Thatcher started the trend for political divisiveness too. I’ve done some crude analysis of Conservative vote share in each of the constituencies allocated to major cities: Birmingham, Glasgow, Leeds, Liverpool and Manchester. The results are startling. In 1970, the Tories won 14 out of the 52 seats available, and were in shouting distance of another dozen or so. By 1992, they held only 4 out of the 37 seats available. In 2010, not one of the 28 seats was won by a Conservative., and they had a possibility, nothing more, of winning only 1. Indeed, in three cities (Manchester, Glasgow and Liverpool) not one Tory candidate polled more than 12% in 2010. In 1979 every Tory standing in these cities polled 12% or over – only 6 polled less than 20%.
This is the measure of the Conservative alienation in the big cities. And it’s reflected in urban centres across the land.
When I started this blog, I didn’t mean it to be dominated by trans issues and press reporting. That’s only one part of my life. The real reason for starting it was to try to explore in a reasoned way the principles behind what engagement I would like with politics – hence the strapline of the blog.
I was so alienated by what I saw around me in Yorkshire, the destruction of jobs and communities, the grasping greed, that I have never voted Conservative. I don’t see the Conservative party as allying at all with my core values – the need for social cohesion rather than competitiveness that breeds contempt for others, the need to secure our core requirements (water, power, food) rather than handing them to the control of whichever foreign company can bid highest, the need to protect the vulnerable rather than tell them it’s their fault that they couldn’t afford to protect themselves.
For me, Thatcher demonstrated all three of those viewpoints that I’m so removed from. Her successors have not sought to correct the ship in any meaningful way. I fully believe that many others can see this, but are given minimal choice in our defective electoral system, meaning that other viable, radical choices are simply not given airtime in our right-wing dominated media landscape – and our electoral system demands that kind of exposure.
Many Victorian novelists wrote stories which decried greed and made a virtue out of social responsibility. Dickens parodied miserliness. Kingsley extolled a golden principle of do as you would be done by. Yet our commercial and media landscape is harsh and brutal. Companies (and political parties) think nothing of massaging the truth out of shape because there’s no penalty for doing so, only gain. Those Victorian values are ignored, scoffed at, demeaned.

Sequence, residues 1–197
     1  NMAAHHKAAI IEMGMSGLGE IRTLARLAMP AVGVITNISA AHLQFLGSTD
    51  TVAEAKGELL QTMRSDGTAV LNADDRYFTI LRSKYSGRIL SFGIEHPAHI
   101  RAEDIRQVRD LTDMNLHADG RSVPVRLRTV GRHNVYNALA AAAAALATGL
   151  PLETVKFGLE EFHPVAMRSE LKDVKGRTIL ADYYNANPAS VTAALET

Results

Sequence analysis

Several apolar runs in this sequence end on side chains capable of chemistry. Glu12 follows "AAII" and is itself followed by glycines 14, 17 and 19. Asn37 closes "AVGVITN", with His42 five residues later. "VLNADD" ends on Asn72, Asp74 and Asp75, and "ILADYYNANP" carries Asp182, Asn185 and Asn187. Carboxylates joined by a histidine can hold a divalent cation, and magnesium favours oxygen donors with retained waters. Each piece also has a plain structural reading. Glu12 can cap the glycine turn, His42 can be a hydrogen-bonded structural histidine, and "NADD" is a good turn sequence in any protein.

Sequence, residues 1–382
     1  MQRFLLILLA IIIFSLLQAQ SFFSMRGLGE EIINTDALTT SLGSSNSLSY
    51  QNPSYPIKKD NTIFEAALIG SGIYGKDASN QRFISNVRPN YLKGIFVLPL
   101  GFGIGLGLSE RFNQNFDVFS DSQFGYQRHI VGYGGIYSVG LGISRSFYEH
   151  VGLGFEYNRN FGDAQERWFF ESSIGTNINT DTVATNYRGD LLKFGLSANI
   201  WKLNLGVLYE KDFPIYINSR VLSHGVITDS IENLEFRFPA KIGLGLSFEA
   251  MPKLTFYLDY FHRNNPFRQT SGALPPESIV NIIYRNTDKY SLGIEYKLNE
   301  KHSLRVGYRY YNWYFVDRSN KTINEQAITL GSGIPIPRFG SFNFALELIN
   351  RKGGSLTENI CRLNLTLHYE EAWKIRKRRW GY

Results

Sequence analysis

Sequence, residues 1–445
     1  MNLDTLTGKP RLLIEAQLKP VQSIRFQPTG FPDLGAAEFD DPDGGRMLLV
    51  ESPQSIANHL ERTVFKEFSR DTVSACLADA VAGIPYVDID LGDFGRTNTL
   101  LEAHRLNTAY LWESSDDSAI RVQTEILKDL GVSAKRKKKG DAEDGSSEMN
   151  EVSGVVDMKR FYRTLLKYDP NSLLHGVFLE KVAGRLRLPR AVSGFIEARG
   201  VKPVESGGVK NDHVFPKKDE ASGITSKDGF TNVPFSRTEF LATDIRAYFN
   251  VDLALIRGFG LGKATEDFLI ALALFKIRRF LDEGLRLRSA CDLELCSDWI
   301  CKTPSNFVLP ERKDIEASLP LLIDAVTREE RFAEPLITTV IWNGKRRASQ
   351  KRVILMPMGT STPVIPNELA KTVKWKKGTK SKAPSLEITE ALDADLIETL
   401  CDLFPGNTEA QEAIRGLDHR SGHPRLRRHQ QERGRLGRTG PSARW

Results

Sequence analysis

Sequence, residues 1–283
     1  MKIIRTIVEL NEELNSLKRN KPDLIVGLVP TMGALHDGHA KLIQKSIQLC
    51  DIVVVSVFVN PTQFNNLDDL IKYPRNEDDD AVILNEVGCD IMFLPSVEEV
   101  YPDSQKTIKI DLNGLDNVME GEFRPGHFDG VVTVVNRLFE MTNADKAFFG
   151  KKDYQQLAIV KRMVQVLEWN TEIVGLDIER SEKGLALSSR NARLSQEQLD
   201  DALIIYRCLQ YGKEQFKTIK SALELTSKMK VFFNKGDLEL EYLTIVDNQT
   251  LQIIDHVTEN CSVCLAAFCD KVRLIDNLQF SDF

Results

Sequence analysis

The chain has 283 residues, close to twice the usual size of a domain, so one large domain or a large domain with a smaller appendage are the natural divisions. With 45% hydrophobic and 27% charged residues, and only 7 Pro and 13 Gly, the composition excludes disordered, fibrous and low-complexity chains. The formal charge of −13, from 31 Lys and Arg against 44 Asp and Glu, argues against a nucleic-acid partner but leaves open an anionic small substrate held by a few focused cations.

But somewhere in the British psyche is a yearning for social justice, a compassionate politics rather than simply a passionate one. It seems to have no real outlet. Our combative media doesn’t let politicians ever make mistakes. Our politicians sell themselves on being good managers rather than visionaries. And the compassionate, just “socialism” has no voice.
I wish it could change. I just don’t know how to help it do so.
Percentages of vote cast for Conservative candidates in each seat named Birmingham ___, Glasgow ___, Leeds ___, Liverpool ___ and Manchester ___:
Conservative wins with 63, 61, 60, 57, 57, 54, 53, 53, 52, 52, 52, 50, 49, 47
Conservative losses with 49, 47, 46, 46, 45, 45, 44, 44, 44, 43, 42, 42, 42, 42, 41, 40, 40, 39, 36, 36, 35, 35, 31, 31, 30, 29, 28, 28, 28, 27, 25, 25, 23, 22, 21, 21, 20, 20
Conservative wins with 55, 54, 50, 49, 49, 48, 48, 47, 47, 45, 41
Conservative losses with 46, 45, 45, 44, 42, 39, 38, 36, 35, 35, 35, 33, 32, 31, 30, 29, 28, 27, 27, 24, 23, 23, 22, 22, 22, 21, 21, 19, 16, 15, 15, 13, 12
Conservative wins with 49, 46, 45, 43
Conservative losses with 44, 42, 38, 37, 36, 36, 34, 31, 29, 28, 28, 27, 26, 26, 25, 25, 25, 23, 20, 17, 17, 17, 17, 16, 15, 14, 13, 12, 12, 12, 10, 10, 10, 9, 8
No Conservative wins
Conservative losses with 38, 34, 33, 33, 31, 27, 23, 21, 20, 19, 19, 15, 12, 12, 12, 11, 11, 11, 11, 10, 9, 7, 7, 7, 7, 7, 5, 5